I spent the first half of my career as an Ob/Gyn in the Air Force and then the private sector. Military habits are hard to break. I continued to be a rolling stone.
In 2010, I left Arizona to join a small practice in Northern California near Humboldt State University in the city of Arcata. While I was there, I commuted to Oregon once a month to attend Willamette Writers monthly workshop. I met speakers who eventually became big in the industry, like Ray Rhamey, Larry Brooks, Jessica Morrell, Robert Dugoni, and Ursula K. Le Guin before she passed on.
Arcata's weather was too much like London for my husband's tastes. We moved back to Flagstaff, Arizona in 2017. I soon discovered the large writing group in Arizona had just collapsed. I decided if I wanted a writing group, I was going to have to create one. With two other local writers, I co-founded Flagstaff Writers Connection. We do about two workshops a year to fund the group and offer all our other services for free. No membership dues required. Through the group, I started a Critique Circle and a support group for those trying to publish, the Pub Club.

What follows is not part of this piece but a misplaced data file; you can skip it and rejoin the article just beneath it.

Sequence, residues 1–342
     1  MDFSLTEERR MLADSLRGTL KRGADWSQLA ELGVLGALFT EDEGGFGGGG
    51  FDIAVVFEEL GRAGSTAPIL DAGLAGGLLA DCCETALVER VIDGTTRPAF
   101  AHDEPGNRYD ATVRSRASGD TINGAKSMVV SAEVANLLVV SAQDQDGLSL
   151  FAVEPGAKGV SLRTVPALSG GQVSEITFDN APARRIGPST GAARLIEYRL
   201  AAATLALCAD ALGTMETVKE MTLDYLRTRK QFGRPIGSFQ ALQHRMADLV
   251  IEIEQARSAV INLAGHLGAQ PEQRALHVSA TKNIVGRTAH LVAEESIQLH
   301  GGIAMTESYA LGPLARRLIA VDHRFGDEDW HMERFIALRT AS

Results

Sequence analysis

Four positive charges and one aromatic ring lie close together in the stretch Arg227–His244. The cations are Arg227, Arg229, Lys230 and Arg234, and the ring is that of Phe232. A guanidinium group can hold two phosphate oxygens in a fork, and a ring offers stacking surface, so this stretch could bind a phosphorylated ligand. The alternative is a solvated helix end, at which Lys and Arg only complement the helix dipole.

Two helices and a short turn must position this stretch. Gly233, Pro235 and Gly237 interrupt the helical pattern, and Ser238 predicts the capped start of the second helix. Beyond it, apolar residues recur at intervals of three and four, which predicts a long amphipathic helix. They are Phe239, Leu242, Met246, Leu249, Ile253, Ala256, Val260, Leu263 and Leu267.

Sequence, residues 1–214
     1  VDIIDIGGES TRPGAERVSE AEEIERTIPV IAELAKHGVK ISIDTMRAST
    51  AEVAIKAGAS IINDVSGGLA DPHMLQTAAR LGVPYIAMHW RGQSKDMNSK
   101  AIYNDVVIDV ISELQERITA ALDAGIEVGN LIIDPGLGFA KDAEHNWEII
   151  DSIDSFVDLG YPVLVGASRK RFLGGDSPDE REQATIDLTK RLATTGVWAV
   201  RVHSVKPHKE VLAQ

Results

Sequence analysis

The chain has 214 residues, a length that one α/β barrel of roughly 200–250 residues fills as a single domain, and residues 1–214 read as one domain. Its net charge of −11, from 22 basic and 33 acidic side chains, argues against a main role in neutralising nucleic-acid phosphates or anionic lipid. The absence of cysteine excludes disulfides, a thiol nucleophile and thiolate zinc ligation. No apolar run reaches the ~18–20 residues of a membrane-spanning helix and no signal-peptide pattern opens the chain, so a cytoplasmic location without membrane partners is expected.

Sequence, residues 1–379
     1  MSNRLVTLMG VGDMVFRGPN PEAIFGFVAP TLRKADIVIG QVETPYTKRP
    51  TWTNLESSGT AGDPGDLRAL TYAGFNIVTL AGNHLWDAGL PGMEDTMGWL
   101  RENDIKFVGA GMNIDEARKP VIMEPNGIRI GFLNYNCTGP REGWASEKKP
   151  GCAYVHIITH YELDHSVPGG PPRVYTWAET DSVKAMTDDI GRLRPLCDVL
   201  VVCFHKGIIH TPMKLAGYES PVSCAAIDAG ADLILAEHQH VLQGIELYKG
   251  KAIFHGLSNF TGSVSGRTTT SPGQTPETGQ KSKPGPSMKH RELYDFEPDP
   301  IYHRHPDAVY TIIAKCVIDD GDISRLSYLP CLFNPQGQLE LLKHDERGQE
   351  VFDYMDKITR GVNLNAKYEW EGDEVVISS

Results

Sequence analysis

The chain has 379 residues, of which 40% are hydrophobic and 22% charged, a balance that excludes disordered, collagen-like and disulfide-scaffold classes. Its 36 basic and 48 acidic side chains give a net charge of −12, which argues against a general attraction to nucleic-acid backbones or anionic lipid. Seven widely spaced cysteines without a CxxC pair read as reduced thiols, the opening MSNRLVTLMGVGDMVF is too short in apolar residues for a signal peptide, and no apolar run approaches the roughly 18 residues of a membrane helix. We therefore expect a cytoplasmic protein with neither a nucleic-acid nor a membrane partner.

I did this while I worked 50 hours a week for a local multi-specialty group, and continued to work on my own writing projects.
That’s how things were until 2021 when, by all accounts, I started acting odd. I went from reasonably fit to eating all the sugar I could get my hands on. Pop Tarts became my favorite meal. I shuffled my feet. I developed a tremor in both hands, slurred speech, and complained of exhaustion no matter how much sleep I got.
Obviously those symptoms aren’t conducive to being a surgeon. My employer asked me to take a break. (Hint: Employers of surgeons will do almost anything to keep them from taking a break.) The request was a hard slap in the face. Up until then, despite all my signs and symptoms, I thought I was just fine. “It’s just menopause,” I told myself. Really. I’m not sure how I blew off a bilateral hand tremor, but in my altered state of mind I did just that. My employer's request made me realize this wasn’t just menopause. I needed help.